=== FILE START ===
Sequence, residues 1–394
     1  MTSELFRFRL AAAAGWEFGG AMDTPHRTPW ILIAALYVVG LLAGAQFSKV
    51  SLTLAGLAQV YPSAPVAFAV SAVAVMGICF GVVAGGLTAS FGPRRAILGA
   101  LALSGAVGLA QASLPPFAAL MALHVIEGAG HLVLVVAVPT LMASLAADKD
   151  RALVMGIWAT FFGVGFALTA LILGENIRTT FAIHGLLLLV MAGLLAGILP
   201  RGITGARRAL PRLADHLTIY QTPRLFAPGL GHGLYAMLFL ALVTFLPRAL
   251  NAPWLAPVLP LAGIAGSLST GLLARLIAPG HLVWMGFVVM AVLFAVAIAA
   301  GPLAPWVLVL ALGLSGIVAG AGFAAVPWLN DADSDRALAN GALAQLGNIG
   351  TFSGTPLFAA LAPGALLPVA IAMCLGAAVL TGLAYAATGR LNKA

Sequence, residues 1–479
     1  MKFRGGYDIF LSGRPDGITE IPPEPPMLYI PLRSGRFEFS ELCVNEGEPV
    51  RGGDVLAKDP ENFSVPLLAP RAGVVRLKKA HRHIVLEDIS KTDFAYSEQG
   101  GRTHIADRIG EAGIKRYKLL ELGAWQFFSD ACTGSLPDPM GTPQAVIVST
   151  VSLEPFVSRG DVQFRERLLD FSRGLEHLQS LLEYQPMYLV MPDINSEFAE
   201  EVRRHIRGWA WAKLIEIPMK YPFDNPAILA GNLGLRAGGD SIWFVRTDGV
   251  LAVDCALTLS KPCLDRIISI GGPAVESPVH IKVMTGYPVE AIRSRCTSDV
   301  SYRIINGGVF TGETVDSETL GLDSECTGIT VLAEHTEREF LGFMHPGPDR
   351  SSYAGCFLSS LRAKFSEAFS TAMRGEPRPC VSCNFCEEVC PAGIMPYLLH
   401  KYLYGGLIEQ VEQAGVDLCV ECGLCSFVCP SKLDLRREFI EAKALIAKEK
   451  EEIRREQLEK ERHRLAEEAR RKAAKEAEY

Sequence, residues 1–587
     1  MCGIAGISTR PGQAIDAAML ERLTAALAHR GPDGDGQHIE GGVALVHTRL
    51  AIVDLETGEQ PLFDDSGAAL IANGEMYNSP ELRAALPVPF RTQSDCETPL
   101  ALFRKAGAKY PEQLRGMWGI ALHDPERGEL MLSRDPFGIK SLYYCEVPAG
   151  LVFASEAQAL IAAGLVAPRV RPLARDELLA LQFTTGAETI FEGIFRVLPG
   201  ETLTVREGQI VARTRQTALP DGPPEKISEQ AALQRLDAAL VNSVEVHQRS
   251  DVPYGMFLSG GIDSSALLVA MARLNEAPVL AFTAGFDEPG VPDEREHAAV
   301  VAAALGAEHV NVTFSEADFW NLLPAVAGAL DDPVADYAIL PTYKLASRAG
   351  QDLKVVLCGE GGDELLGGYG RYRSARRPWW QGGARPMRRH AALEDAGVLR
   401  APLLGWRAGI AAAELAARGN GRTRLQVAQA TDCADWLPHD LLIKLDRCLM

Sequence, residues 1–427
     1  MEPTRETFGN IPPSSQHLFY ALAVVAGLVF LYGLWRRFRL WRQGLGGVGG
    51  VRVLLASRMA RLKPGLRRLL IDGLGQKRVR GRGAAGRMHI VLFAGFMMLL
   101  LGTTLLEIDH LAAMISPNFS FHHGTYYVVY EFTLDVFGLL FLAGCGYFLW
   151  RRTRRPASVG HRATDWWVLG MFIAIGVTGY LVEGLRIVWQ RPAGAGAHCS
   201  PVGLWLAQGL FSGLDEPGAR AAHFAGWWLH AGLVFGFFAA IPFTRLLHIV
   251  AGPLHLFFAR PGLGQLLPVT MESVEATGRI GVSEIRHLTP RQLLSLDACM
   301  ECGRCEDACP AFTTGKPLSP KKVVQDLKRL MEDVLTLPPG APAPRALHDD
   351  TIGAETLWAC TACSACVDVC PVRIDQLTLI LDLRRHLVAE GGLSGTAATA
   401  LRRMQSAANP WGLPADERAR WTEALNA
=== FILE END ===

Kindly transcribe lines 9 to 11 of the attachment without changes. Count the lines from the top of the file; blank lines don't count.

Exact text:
   351  TFSGTPLFAA LAPGALLPVA IAMCLGAAVL TGLAYAATGR LNKA

Sequence, residues 1–479
     1  MKFRGGYDIF LSGRPDGITE IPPEPPMLYI PLRSGRFEFS ELCVNEGEPV